The band uses “Crow Valley” as a metaphor for the darker corners of online life. “This environment makes you feel insecure,” bassist He Yifan says. “It seems prosperous on the surface, but in fact there are many things you can’t predict. You can’t control the potential terror. But he says even the cesspools of the internet have their use. “If you can use it in a different way, manure is actually fertiliser... and it can nourish.” On “Still Alive·Enjoy This Moment”, ZO stays on theme, telling us to “enjoy this sh*t.” “No matter what you come to realise, in the end you should see things in a positive light, or take the attitude that things will get better so don’t give up,” ZO says.
Instead of becoming repetitive while chasing their youthful magic, Hedgehog thrives on change. “When your music stops evolving, your expression stagnates,” He says. “Music moves forward, the band moves forward, the environment is changing, our own lives are changing so thinking naturally changes.” While He acknowledges Hedgehog was built on a love for Nirvana and the three-chord progressions of old school punk, “We can’t keep repeating that kind of thing. You have to have the basics but you need to also do your own exploration and digging,” he says. “You also have three people growing together and collaborating. Add all these things together and you get innovation.”
To this point, ZO cites math-jazz-noise rockers black midi, represented on Hedgehog’s playlist by “Near DT, MI”. “For example, at the end of [our track] ‘A Straight Man In A Crooked Game’, we actually wanted to create that mechanical and chaotic sense of conflict black midi has, including that twisted strumming feel and those sudden modulations and stuff,” ZO says. “When you listen to bands with unique character, their influence on you is immediate.”Below, Hedgehog walk through their picks, track by track.
“Bad Seeds” by Beat Happening
“This is quintessential lo-fi. It’s all about the idea.”
“We Are Rockstars” by Does It Offend You, Yeah?
“Electro-industrial rock for the new century. It’s all about what you sound like.”
“Holiday Innn” by Stereo Total
“Let's go!” ZO says, quoting the song.
“The Beat” by ESG
“Girls’ power beats!”
“Reverberation (Doubt)” by 13th Floor Elevators
“A must-listen of late-60s alt-psychedelic rock. An eternally classic band.
“Mushroom” by Can
“I was born and I was dead,” ZO says, quoting the song.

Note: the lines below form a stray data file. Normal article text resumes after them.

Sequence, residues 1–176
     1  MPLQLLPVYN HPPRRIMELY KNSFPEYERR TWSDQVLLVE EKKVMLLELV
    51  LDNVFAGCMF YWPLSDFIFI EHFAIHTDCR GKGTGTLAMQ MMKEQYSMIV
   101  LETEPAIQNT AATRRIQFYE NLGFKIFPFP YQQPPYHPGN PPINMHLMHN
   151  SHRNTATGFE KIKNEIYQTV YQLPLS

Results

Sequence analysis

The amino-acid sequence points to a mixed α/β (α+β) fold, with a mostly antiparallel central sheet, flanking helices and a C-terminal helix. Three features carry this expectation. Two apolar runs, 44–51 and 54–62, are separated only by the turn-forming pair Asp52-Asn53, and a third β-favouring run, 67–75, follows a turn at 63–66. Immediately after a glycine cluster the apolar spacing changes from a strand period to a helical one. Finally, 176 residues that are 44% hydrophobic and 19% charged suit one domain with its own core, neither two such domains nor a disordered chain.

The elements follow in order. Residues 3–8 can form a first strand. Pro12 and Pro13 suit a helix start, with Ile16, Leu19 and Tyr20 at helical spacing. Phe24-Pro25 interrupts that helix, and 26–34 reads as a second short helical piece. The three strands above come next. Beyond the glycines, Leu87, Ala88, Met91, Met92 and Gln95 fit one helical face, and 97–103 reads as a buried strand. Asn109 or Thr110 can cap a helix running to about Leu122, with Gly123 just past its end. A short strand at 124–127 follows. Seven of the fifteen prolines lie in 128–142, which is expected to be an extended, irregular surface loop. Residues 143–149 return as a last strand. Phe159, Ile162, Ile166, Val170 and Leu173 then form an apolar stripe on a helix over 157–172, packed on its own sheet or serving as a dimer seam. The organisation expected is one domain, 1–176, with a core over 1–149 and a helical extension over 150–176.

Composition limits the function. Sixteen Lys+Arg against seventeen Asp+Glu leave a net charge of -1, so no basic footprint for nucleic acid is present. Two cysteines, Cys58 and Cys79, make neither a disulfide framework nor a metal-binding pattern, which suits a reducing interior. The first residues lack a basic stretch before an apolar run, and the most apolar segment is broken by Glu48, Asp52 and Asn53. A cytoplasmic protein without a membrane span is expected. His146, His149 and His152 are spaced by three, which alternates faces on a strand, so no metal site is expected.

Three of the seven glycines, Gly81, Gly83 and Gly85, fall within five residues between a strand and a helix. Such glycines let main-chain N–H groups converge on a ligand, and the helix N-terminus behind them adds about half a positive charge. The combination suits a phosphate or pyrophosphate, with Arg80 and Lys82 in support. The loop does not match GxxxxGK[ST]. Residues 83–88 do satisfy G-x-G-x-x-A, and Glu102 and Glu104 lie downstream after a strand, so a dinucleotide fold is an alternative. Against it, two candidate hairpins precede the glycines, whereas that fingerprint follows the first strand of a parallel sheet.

“Aerodynamic” by Daft Punk
“I think Daft Punk is an alt-electro rock band. Different from most unfeeling electronic music, their timbres and melody make you feel the humanity in electronic music.”
“You Wanted a Hit” by LCD Soundsystem
“‘You wanted a hit?’ This is it.”
“Near DT, MI” by black midi
“Some people say that it’s hard to innovate on power trio rock in the 21st century. black midi says that’s nonsense—just because you can’t do it doesn’t mean we can’t.”
“Jennifer” by Faust
“Simple, beautiful, clever and unexpectedly whimsical. It’s all about, you can do it too, if you want to.”
“Gallons of Rubbing Alcohol Flow Through the Strip” by Nirvana
“The hidden track on Nirvana’s In Utero is a Grunge masterpiece.”
“Oh Yeah” by Can
“They’re the kings of krautrock. The classic track from Can’s classic album [Tago Mago].”
He Yifan’s picks:
“One Inch Punch” by Yin Yin
“The supreme good is like water,” He says, quoting the Tao Te Ching.
“Prester John” by Animal Collective
“A journey into the void.”
“My Queen Is Mamie Phipps Clark” by Sons Of Kemet
“The whole album [Your Queen Is A Reptile] is a tribute to every queen who has graced a creator’s life.”
“Water in Your Hands” by Tommy Guerrero
“Every sound is meticulous.”
“Nuclear Fusion” by King Gizzard & The Lizard Wizard
“Unrestrained, tense, rocking.”
“Shut the Door” by Fugazi
“The band that influenced a bunch of bands.”
“Modul 27” by Nik Bärtsch’s Ronin
“Superb, concise, ingenious.”
“Everyday” by Edward Vanzet
“I liked it five years ago, and I still love it now. It’s like a friend far away chatting with you all night. It’s a very warm feeling.”
“Motherless Child” by Romare
“That out-of-tune flute that pops up in the middle is really unexpected.”
“Right Track / Wrong Man” by Yumi Zouma
“It’s that feeling of release you get when you see that seaside sunset while driving and walk into the sun.”
“Playground Hustle” by The Dø
“An interesting and very special song.”